I don't know too much about Scott, but I look forward to speaking with him once he gets settled in his new digs. We do know he comes from the Women's Tennis Association, which may seem strange at first (all the other Division I-A commissioners were previous college administrators), but I think it's good for the Pac-10 to bring in someone with more of a sports-business mindset. The league desperately needs to raise its profile nationally, particularly in regards to its television arrangements, and many credit Scott with having done just that for the WTA.
As for whether he'll be "any less of a Rose Bowl patsy" -- I'm not even sure what that means, but I assume it relates to the BCS and Pac-10's long-held opposition to a playoff. First of all, there were three other conferences -- the Big East, Big Ten and Big 12 -- that blocked a plus-one the last time it came up. Secondly, even if Scott does turn out to be more receptive to change, I can't imagine any Pac-10 commissioner would ever do anything to impinge on that conference's relationship with the Rose Bowl. Why would he? It's one of the greatest traditions in sports, it's played in the conference's backyard and the league's champ gets an annual, automatic invite. Believe me, as long as there's a Rose Bowl, the Pac-10 will be affiliated with it.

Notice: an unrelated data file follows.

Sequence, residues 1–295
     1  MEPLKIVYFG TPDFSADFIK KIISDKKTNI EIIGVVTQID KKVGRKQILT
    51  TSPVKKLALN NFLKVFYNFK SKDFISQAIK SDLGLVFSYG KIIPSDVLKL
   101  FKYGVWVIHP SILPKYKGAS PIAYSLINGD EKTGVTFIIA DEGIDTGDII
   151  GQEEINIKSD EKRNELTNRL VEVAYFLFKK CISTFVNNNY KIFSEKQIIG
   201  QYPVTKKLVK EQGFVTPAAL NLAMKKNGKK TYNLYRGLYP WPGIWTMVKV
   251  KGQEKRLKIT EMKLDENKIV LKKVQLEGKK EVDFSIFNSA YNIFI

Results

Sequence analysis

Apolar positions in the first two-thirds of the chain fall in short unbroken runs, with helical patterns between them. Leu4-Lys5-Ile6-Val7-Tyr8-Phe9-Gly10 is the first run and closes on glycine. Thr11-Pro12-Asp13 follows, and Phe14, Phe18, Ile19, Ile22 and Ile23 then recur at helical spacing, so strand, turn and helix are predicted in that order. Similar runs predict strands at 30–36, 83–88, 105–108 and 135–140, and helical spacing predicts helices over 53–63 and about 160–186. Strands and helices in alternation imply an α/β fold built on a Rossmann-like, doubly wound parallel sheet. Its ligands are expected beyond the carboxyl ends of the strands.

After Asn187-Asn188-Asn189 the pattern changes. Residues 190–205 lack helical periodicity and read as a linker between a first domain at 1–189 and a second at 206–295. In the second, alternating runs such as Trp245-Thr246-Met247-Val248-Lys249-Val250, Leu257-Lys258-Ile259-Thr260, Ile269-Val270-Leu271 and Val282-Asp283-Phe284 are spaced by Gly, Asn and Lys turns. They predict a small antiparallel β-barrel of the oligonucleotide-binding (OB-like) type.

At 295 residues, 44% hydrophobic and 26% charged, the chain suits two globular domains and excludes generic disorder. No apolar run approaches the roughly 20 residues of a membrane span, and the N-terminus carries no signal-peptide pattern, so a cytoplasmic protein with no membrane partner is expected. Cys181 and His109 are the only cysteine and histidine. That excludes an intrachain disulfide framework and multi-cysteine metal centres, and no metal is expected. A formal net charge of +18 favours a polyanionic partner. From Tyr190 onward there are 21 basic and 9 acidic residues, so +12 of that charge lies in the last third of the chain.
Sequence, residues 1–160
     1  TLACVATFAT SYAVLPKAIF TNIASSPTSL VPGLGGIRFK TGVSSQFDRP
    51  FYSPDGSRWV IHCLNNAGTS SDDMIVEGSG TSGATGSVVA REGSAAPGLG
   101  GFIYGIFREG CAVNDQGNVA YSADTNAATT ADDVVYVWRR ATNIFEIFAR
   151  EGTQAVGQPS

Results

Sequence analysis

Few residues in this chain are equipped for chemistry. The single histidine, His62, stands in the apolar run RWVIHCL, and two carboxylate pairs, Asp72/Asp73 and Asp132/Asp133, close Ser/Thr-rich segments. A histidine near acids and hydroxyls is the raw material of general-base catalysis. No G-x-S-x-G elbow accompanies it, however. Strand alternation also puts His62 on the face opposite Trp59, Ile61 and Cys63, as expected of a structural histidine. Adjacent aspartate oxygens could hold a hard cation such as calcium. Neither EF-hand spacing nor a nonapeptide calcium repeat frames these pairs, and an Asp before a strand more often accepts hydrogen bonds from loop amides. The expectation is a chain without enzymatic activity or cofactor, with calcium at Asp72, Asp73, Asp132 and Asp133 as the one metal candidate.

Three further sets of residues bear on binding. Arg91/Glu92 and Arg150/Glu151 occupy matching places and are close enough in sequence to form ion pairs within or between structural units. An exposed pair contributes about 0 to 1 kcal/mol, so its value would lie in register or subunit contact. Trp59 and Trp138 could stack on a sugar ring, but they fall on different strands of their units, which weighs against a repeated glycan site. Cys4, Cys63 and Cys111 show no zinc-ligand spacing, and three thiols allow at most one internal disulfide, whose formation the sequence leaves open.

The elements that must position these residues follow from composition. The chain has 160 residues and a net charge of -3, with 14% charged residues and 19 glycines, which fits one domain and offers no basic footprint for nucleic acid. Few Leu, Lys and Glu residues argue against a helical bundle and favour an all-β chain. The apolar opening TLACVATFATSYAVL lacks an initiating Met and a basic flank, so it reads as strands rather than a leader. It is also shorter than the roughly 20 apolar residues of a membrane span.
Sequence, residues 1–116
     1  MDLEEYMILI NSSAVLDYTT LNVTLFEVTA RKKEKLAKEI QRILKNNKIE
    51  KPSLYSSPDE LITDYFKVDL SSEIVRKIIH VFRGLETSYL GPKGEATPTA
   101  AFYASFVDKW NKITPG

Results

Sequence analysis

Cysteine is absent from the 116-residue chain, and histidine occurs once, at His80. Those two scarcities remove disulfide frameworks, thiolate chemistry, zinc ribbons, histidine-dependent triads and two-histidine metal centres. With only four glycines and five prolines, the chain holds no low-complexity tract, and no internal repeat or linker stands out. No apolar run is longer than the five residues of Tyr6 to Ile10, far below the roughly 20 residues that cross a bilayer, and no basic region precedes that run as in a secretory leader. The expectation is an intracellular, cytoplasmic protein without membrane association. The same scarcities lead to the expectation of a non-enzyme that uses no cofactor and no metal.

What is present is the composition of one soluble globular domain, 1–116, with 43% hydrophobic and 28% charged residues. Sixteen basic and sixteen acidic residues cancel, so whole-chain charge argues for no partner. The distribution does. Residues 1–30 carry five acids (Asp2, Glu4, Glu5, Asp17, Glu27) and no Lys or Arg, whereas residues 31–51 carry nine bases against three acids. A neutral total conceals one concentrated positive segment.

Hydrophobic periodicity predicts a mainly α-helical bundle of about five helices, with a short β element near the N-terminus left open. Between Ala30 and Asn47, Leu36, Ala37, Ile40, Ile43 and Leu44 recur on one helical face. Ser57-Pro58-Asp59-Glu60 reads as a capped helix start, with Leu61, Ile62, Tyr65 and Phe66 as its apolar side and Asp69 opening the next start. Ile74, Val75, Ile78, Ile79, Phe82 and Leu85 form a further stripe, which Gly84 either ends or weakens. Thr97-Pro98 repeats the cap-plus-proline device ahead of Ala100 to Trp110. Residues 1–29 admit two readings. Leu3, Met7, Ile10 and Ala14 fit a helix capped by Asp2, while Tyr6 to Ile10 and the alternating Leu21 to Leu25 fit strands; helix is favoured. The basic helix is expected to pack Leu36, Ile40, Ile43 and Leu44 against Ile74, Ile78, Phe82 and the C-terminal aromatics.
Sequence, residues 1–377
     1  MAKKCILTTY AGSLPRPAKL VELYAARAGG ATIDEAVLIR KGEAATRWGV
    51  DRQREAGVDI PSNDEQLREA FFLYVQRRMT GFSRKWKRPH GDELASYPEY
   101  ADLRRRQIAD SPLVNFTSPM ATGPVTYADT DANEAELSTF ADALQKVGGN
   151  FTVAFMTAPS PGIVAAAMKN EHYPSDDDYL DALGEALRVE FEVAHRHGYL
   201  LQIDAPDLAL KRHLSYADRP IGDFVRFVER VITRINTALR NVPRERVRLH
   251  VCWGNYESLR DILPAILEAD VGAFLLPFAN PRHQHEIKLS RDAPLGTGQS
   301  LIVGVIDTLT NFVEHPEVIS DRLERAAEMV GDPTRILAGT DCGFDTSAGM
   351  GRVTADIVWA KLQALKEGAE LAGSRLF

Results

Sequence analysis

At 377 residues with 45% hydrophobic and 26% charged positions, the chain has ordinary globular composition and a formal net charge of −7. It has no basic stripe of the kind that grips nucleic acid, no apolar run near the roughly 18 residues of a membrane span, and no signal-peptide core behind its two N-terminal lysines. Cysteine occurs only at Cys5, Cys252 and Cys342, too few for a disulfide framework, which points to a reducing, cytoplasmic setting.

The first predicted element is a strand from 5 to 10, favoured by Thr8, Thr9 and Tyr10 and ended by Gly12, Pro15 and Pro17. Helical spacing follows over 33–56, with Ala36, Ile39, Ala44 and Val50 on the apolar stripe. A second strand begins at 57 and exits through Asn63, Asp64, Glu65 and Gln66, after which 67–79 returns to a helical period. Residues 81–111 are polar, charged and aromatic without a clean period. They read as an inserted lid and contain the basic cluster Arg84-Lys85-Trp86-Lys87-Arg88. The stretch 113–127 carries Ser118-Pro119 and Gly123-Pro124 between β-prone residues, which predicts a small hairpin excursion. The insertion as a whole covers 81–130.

I didn't say I'm getting rid of the Crush, but I did let certain co-workers know I was
But here's the thing. Did you watch the most recent season of